Cables Shed Light On Iran's Influence In Iraq Among the details contained in WikiLeaks' latest round of diplomatic documents are revelations about Iran's influence within Iraq. The State Department cables say that days after the start of U.S. operations in Iraq, Iran funneled a vast amount of money and operatives into the country. The cables also say Iranian Revolutionary Guards were involved in a wave of killings in Iraq, targeting former Iraqi air force pilots. Guest host Guy Raz talks to NPR's Deborah Amos in Baghdad about how the cables are playing in Iraq.

Cables Shed Light On Iran's Influence In Iraq

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GUY RAZ, host:

In Iraq, the latest revelations from WikiLeaks have been front-page news with a focus on Iran's role in the country. The leaked documents paint a portrait of broad Iranian influence since the U.S. invasion in 2003, influence backed by loads of cash, and high-level connections.

For more, we're joined by NPR's Deborah Amos. She's with us from Baghdad. And Deb, first of all, these documents suggest that Iran handed out between 100 to $200 million to its allies in Iraq and that its influence reaches very, very high into the Iraqi government. What are you finding out about this?

DEBORAH AMOS: Well, I talked to some lawmakers tonight who didn't blanch at that number. The embassy cables cite political leaders, current president Jalal Talabani and Prime Minister Nouri al-Maliki, as having, quote, longstanding, close ties to the commander of Iran's notorious al-Qud's force. That's the arm of the Revolutionary Guard corps.

What the cables paint is this picture of Iran from day one after the invasion, planning to neutralize the country, to influence the country, to send operatives into the country, who came as businessmen, as doctors and as bagmen with loads of cash.

RAZ: Deb, there was one striking revelation from the cables, and it's a report that Iranian operatives were targeting and assassinating Iraqi air force pilots. These are pilots who had bombed Iran during the Iran-Iraq war in the 1980s. What more have you found out about that?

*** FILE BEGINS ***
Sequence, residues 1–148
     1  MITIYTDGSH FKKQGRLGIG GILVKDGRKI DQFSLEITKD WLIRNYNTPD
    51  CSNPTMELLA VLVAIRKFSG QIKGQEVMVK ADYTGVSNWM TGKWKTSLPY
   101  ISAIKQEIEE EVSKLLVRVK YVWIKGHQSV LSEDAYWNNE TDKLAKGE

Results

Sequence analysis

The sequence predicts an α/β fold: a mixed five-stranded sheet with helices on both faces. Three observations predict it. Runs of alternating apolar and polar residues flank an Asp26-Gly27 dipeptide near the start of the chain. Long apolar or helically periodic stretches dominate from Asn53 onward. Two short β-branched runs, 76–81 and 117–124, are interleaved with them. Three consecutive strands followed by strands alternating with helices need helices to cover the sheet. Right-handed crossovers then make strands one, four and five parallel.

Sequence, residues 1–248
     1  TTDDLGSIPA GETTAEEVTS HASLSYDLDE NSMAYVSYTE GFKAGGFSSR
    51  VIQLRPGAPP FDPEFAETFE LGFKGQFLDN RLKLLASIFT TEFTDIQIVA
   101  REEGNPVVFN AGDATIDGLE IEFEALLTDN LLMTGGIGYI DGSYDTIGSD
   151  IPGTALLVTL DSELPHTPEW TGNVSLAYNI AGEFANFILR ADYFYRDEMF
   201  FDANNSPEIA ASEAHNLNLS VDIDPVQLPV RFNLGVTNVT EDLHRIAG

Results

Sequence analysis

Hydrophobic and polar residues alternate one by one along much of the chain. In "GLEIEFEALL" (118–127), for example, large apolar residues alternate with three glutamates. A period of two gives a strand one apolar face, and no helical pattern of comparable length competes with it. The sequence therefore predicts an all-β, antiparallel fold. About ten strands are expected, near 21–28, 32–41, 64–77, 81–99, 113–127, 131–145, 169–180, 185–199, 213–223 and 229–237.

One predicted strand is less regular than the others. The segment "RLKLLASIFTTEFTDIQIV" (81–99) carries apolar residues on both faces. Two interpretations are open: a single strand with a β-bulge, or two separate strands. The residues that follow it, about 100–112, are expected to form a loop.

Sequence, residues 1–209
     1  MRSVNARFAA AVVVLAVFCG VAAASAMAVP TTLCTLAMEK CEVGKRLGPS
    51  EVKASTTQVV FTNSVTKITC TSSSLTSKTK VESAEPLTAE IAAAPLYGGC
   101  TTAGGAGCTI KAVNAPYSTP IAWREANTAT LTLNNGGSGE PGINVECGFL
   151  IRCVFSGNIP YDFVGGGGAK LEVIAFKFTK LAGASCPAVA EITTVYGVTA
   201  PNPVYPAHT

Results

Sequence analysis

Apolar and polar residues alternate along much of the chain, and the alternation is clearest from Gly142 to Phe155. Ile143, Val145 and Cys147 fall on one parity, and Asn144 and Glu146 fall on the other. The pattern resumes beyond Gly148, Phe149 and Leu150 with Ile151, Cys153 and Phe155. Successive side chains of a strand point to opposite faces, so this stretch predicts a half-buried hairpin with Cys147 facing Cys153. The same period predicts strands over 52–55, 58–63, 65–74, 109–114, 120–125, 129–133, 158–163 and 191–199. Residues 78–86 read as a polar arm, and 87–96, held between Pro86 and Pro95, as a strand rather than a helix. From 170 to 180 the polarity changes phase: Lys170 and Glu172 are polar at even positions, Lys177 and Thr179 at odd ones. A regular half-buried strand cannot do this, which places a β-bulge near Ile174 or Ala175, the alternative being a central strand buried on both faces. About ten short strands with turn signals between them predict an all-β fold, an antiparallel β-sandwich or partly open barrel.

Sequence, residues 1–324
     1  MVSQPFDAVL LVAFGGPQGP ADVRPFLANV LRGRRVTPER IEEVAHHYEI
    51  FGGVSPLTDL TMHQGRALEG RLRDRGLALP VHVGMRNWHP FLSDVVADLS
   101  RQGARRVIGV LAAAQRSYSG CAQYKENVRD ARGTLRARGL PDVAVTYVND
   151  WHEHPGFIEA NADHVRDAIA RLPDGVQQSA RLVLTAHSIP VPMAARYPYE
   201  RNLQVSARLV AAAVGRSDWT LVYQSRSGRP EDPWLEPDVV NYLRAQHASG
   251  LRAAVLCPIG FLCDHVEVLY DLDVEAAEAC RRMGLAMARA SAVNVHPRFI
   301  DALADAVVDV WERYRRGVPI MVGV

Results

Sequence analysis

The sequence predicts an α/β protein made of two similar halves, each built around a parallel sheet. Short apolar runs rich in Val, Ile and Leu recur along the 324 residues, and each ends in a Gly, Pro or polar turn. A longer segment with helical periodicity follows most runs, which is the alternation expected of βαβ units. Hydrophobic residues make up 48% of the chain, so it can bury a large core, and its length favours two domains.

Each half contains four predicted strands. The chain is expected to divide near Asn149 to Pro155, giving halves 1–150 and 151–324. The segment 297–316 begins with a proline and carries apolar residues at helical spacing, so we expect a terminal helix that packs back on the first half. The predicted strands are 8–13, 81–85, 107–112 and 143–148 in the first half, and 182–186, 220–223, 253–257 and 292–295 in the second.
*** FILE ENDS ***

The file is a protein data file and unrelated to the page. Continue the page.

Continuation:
AMOS: There's not many details in the cable from the embassy. It just lays out this charge. However, it may confirm these reports that have been floating in Iraq for years.

I've interviewed military officers who claimed that they were on the assassination list. That we know. Many of those people fled to Jordan or to Syria.

Now, the embassy cable reports that the death toll by the end of 2009 was 180. That seems unlikely that any of those top Iraqi military or air force people were still in the country by then. The lawmakers I talked to tonight said so many people were targeted in the sectarian war, it's hard to know.

What I find interesting about this is that the embassy has such specific figures. If they knew that these top people were being targeted, these were some of the brightest minds in the country, why weren't any of these people offered some kind of protection?

Now with the Americans leaving at the end of 2011, there would be no security for these people at all, and they are most likely in permanent exile.

RAZ: Deb, these cables suggest this relentless web of Iranian influence in Iraq. You've covered this story for so many years. Does any of this surprise you?

AMOS: Not really. I think you have to keep in mind that these are embassy cables. It's part of that information stream that diplomats send back to the State Department. Many of these reports are opinions, and these are embassy personnel who are very much restricted in their movements in Iraq. So it's an incomplete picture.

But what you read is the warnings from the U.S. Embassy in Iraq that Iran is a serious contender, one that the U.S. Embassy saw as training, funding, arming militias, using soft power, up to $4 billion in trade to further their aims. This is a much bigger operation, in some ways, than what the U.S. is doing and what the U.S. will do after we leave.

And as much as Iraqi officials denied those leaks, when I talked to them tonight, they said there was much truth in that reporting.

RAZ: That's NPR's Deborah Amos, reporting from Baghdad. Deb, thanks so much.

AMOS: Thank you, Guy.

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